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The Sulawesi Scops-owl appears to be widespread in Sulawesi, but as numerous forested species, it is threatened by deforestation.
However, the populations are not currently threatened.

Fr: Petit-duc de Manado
All : Manadoeule
Esp: Autillo de Célebes
Ital: Assiolo di Sulawesi
Nd: Sulawesi-dwergooruil
Sd: Sulawesidvärguv


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Sulawesi Scops-owl
Otus manadensis

Strigiforme Order – Strigidae Family

Length: 19-23 cm
Weight: 83-93 g

The Sulawesi Scops-owl is frequently heard in the humid forests of Sulawesi. This small owl is highly nocturnal.

This species occurs in both morphs, brown and rufous, but the latter is very rare.
Male and female are similar, but the female is slightly larger than male.

The adult has brown plumage overall. The upperparts show dark-tipped white spots on scapulars. The tertial flight feathers are barred white and the tail is barred with narrow pale bars.
The upperparts are variably streaked and barred blackish-brown.
The underparts are paler with dark brown to black streaks and white spots.

On the head, the inner parts of the facial disk are whitish, and the rest varies from rufous-brown to greyish. The head is brown, finely spotted white, including the short but prominent ear-tufts.
The bill is horn-coloured to brownish. The eyes are yellow. The greyish to brownish-yellow legs are feathered. The toes and the claws are fairly weak.

The juvenile resembles adults with more heavily barred plumage on crown and mantle.

We can find five subspecies which differ in size, more or less heavy pattern and more or less feathered tarsi.

The Sulawesi Scops-owl’s territorial call is a clear, plaintive, ascending whistle “ploo-ek” repeated at intervals of six seconds.
We can also hear rapid, giggling, increasing notes “kik-kok-kok-kok”, and some “ooek-ooek-ooek” repeated with steady frequency, alternating with ascending whistles “oi-oi-oi”.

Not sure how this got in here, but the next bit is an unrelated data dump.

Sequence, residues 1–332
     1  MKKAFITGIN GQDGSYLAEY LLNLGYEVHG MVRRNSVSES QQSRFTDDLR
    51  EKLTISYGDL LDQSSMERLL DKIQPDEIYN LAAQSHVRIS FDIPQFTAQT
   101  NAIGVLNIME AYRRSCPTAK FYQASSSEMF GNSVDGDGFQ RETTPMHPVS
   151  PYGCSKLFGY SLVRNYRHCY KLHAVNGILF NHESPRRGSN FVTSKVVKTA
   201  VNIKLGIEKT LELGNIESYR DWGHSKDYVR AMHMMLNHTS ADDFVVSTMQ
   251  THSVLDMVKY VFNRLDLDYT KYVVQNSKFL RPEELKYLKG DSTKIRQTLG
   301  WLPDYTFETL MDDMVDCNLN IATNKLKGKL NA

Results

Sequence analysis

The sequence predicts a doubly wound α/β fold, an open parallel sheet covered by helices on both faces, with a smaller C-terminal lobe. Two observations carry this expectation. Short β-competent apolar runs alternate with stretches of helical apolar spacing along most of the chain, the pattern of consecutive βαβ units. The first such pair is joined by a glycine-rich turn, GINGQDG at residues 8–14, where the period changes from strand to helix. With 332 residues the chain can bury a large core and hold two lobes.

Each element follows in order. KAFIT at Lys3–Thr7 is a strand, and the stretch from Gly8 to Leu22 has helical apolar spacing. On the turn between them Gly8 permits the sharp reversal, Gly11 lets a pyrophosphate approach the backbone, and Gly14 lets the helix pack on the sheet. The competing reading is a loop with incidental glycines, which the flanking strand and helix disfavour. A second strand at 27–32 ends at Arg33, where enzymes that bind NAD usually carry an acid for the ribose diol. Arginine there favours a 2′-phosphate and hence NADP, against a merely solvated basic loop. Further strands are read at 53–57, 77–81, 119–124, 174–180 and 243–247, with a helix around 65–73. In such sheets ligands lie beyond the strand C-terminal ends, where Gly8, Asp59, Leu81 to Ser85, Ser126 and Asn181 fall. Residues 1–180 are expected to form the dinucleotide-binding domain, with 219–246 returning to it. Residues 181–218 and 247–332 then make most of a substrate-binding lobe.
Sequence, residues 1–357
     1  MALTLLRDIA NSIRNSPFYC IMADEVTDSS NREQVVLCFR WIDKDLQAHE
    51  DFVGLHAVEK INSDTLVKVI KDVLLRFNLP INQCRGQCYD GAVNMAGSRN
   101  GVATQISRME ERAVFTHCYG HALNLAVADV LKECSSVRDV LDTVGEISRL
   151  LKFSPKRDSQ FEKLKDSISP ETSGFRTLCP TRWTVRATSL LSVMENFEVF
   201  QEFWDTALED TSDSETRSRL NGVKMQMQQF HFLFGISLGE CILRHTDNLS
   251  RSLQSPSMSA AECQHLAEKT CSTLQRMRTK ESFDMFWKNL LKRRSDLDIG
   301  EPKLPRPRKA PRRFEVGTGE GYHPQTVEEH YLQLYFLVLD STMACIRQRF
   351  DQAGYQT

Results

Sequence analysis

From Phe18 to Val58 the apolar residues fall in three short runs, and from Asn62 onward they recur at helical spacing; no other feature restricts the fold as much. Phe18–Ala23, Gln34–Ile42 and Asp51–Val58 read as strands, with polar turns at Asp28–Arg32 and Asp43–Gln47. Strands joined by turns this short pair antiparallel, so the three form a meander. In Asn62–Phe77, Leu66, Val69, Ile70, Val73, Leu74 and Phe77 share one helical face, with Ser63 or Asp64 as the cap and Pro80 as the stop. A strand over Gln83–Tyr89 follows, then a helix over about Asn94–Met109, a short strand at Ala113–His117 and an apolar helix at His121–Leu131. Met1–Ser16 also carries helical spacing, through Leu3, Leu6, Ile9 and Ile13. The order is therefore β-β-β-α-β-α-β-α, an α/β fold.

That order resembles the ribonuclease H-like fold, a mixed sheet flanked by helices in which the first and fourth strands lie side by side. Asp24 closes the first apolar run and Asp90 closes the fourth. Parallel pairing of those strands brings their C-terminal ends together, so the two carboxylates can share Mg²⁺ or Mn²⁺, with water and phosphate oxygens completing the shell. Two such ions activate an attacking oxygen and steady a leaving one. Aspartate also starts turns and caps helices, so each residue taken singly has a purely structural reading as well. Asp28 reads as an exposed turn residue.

The female utters similar songs but slightly higher-pitched. 

The Sulawesi Scops-owl is resident in humid forests, clearings and edges. The species occurs from lowlands and hills up to 2500 metres of elevation. It is also found in cultivated areas with scattered trees and in scrubby areas.

The Sulawesi Scops-owl is found in Southern Asia, in Sulawesi and on Banggai and Sula Islands.

The Sulawesi Scops-owl is a nocturnal species, becoming active at dusk. It spends the day in tree where it sleeps and rests, perched at about two metres above the ground or in the lower canopy, close to open areas such as clearings, ponds or rivers. 
It feeds primarily on nocturnal insects such as moths, beetles and crickets. It hawks the flying insects from a perch.
In these Asian regions, geckos are often active and abundant at night, and the Sulawesi Scops-owl could take advantage of these easy preys. It probably feeds also on small vertebrates.

The owls of genus Otus are usually monogamous and have long-term pair-bonds. To strengthen or renew the pair-bonds, the male begins singing 3-4 weeks before the nesting period starts. Courtship feeding by male to female is also a typical behaviour in owls.

The Sulawesi Scops-owl has the typical silent flight of the Strigidae species, due to the downy feathers’ bases. The flight feathers are covered with very soft, velvety down, allowing the bird to fly silently towards the prey.

The breeding season usually starts before the beginning of the monsoon.
The Sulawesi Scops-owl nests in cavities such as tree holes, usually old abandoned nests excavated by woodpeckers.
The eggs are pure white as in numerous cavity-nesters. The laying is of 2-7 eggs. Incubation lasts between 15 and 35 days. The young often leave the nest before to be able to fly.   

The Sulawesi Scops-owl feeds mainly on invertebrates such as nocturnal insects, and also takes some small vertebrates and probably geckos.
This owl is active at night, and hunts from perches.